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I agree with Qmechanic but just to put a different perspective. While one may write down formulae for the Lagrangian, like $$L = \frac{p^2}{2m} - U(x)$$ which only differs from the Hamiltonian by the minus sign, and while it's possible to simply put hats above all the operators, unlike the Hamiltonian, the Lagrangian isn't a natural operator in any sense. ...

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The Brownian motion $x(t)$ is non-differentiable, so a particular trajectory $x(t)$ can't extremize an action $S$ which would be a functional of $x(t)$ and its derivative, $\dot x(t)$, because the derivative isn't even well-defined and any expression of the type $\int [\dot x(t)]^2 dt$, the usual kinetic term in the action, diverges. (See e.g. middle of page ...

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The first thing you should realize is the fact that while $\phi$ has an equation of motion with second time derivatives, it is not the wave function, and therefore there is no problem with QM. The field is just an operator (more or less), not a state. Acting with the fields on the vacuum state you generate the other states which do evolve with an hamiltonian ...

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Comment to the question (v2): P&S is using the notation of a 'same-spacetime' functional derivative. To illustrate this notation, let us for simplicity stay within first variations, and leave it to the reader to generalize to higher-order variations. I) First of all, functional/variational derivatives should not be confused with partial derivatives. In ...

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To derive the field equations more quickly, consider that all the terms in the Lagrangian are "squares": a tensor contracted with itself on all indices. The variation of a square is $\delta(F_{ab} F^{ab}) = 2 (\delta F_{ab}) F^{ab}$ in analogy with $d/dx\; f^2 = 2ff'$. Using this, we have for the variation of the Lagrangian $$\delta \mathcal L = - (\delta ... 3 I) Since total divergence terms do not contribute to Euler-Lagrange (EL) equations, cf. e.g. this Phys.SE post, one could just integrate the Faddeev-Popov \bar{c}c term by part so that there are no more than first derivatives present and the standard form of the EL equations applies. II) Alternatively, in the presence of higher derivatives, the EL ... 3 I) OP's question (v2) seems to be essentially a question of mathematical precision vs. the way physicists express themselves concisely when speaking of "infinitesimals" without becoming too technical by introducing epsilons and deltas and what not. See also this related Phys.SE post. Perhaps the easiest and most elementary way to make sense of the ... 3 The Hamiltonian is so useful because it is actually the operator providing translation in time (in autonomous systems). We know that any physical quantity on the phase space in the Hamiltonian formalism is evolved like$$\frac{df}{dt} = \{f,H \}$$Where \{\} is the Poisson bracket. It is thus natural to say$$\frac{d}{dt} = \{\cdot,H\}$$and a small ... 2 Comment to the question (v1): Unlike the Hamiltonian H (which is a constant of motion if there is no explicit time dependence), the Lagrangian L, as an observable, is typically not conserved in time. Think e.g. of a harmonic oscillator. 2 If only the cyclic coordinate q(t) varies with time (if it doesn't, q is superfluous), the Lagrangian, or the essential physical situation, doesn't vary. Hence the initial value of q doesn't determine the path, which is only possible if the path is closed. 1 John R. Taylor's Classical Mechanics has a couple of chapters on Lagrange and Hamilton that I found very helpful. 1 It's obvious that the kinetic energy must be compute with respect to the inertial frame. Using Lagrangian method for your problem is very similar to applying this method in order to derive the equations of motion of a gyroscope that can be found anywhere (for example here). The only difference between your case and a gyroscope is that in your case, the ... 1 Hint: If the transformation equations$$\mathbf{r}_i~=~\mathbf{r}_i(q_1,\ldots, q_n ,t) \tag{1.38}  do not contain the time explicitly, then the explicit time derivative $\frac{\partial \mathbf{r}_i}{\partial t}=0$ is zero. Note that the position $\mathbf{r}_i$ of the $i$'th point particle also depends implicitly on time $t$ through the generalized ...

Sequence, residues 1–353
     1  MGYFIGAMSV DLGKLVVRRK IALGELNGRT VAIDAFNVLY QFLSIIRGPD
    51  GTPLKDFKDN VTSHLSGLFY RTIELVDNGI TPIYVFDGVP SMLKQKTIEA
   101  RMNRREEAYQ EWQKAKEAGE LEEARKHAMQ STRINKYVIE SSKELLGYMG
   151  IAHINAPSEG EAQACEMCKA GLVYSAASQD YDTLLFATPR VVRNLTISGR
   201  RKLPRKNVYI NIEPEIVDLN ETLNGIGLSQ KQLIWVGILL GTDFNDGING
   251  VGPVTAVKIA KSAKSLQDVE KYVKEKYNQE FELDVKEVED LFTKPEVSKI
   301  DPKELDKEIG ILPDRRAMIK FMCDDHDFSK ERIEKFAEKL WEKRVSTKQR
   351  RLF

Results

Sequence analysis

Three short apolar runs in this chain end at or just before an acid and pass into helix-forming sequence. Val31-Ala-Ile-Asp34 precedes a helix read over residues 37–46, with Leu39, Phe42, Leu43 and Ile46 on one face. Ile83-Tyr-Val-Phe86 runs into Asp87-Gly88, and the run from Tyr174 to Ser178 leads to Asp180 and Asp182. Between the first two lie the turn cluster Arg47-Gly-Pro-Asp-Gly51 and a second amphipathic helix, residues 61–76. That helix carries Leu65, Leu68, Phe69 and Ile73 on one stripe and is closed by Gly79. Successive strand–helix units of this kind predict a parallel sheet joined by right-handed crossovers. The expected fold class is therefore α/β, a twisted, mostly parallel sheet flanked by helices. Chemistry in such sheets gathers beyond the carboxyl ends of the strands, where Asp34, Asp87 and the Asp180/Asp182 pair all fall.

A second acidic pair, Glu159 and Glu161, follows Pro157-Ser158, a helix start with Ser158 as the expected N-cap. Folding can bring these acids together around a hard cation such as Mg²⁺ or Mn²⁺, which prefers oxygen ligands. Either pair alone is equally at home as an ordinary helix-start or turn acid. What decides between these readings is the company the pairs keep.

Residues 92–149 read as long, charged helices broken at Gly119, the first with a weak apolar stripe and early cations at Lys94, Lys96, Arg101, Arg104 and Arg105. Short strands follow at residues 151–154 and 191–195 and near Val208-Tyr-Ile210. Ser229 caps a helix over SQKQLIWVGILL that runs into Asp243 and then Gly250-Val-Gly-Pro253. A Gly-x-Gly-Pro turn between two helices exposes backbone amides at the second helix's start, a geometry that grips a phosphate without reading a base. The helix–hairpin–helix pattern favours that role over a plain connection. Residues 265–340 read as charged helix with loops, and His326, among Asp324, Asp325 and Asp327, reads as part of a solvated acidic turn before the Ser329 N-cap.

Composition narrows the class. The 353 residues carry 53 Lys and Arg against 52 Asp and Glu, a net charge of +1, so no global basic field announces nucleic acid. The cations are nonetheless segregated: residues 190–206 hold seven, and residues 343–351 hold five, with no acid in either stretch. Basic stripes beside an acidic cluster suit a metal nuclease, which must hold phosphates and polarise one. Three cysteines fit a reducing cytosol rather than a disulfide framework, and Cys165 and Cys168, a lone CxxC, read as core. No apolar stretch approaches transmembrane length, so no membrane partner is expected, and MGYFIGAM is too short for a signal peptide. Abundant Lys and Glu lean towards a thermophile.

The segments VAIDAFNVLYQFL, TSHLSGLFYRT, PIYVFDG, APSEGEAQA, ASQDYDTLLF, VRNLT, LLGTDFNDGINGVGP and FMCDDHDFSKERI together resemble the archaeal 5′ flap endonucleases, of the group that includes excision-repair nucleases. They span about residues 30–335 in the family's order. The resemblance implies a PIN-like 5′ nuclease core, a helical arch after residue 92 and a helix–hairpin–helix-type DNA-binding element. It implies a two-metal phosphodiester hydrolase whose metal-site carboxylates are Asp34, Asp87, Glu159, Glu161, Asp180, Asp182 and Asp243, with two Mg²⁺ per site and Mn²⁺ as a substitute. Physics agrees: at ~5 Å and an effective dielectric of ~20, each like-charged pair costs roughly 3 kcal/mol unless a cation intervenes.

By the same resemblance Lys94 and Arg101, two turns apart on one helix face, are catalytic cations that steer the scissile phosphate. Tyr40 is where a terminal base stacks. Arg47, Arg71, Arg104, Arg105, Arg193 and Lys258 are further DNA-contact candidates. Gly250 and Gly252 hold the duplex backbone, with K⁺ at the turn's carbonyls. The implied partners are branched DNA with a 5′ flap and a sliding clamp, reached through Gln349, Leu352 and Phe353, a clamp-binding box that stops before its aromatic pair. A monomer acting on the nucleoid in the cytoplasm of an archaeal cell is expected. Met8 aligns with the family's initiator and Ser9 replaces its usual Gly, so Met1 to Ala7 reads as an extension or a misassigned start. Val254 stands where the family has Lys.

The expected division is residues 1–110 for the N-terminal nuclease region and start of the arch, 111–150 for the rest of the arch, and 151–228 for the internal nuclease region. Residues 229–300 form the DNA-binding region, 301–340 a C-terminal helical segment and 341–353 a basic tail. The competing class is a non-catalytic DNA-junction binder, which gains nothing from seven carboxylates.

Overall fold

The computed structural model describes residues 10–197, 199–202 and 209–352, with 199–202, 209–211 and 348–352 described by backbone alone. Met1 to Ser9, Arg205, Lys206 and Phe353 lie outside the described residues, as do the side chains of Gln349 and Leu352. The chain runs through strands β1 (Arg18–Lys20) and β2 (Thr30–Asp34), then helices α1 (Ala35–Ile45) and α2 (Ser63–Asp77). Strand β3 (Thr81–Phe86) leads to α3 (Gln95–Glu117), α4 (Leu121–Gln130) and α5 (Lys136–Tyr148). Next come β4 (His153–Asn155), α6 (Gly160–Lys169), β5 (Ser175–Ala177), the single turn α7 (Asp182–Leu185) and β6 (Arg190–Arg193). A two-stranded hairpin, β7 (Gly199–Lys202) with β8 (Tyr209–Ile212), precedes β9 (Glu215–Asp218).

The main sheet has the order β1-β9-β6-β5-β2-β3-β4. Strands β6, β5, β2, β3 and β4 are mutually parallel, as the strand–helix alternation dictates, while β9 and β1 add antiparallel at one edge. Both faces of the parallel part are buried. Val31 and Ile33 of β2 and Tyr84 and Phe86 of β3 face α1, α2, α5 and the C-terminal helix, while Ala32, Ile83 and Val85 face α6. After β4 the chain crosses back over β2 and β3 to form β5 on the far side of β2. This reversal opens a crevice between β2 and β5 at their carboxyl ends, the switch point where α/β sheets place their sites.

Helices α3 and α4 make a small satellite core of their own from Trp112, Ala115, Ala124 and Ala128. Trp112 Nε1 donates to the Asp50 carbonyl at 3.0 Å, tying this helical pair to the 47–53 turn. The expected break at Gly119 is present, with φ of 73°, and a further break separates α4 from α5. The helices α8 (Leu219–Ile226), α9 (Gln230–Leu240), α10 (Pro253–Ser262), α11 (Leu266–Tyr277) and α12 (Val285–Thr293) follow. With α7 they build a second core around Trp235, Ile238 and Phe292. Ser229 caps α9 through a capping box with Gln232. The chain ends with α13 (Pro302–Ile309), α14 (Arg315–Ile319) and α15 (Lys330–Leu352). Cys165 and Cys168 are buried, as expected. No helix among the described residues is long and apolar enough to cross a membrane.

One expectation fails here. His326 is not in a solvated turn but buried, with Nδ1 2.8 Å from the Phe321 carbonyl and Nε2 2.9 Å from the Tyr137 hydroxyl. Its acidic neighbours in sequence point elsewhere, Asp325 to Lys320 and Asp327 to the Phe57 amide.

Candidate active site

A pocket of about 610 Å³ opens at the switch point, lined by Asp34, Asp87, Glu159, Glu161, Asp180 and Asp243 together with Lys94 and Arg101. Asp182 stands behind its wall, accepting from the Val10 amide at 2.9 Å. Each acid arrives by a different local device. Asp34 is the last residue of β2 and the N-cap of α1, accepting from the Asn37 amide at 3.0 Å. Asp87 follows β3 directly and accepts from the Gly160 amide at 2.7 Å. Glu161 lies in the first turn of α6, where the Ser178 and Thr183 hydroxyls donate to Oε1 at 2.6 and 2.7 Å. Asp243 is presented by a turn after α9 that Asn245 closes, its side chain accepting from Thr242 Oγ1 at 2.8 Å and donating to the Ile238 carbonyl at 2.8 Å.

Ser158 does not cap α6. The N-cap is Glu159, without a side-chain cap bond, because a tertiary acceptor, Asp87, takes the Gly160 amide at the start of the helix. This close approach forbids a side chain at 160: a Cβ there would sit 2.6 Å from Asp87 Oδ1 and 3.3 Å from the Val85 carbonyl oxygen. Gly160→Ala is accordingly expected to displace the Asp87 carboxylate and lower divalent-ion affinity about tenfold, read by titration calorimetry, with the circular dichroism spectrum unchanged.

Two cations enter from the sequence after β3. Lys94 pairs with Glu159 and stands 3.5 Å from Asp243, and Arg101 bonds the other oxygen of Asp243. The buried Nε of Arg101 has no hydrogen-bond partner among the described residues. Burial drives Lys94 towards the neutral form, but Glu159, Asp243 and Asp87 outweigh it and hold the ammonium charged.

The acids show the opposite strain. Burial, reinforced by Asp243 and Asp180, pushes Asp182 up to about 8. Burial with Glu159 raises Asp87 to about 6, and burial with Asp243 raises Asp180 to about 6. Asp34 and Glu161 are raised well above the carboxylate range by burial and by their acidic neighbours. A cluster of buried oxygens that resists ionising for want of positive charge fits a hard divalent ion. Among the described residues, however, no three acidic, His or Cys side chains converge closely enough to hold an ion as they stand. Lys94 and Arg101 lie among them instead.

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There is a distinction between points and vectors. Points are positions in space, and vectors are directions. One can easily mix up the two, because in Euklidean space they look rather similar. $\theta$ in this case is a coordinate, i.e. part of the description of a point. The vector associated to that coordinate could be called $\hat{e}_\theta$, and point ...

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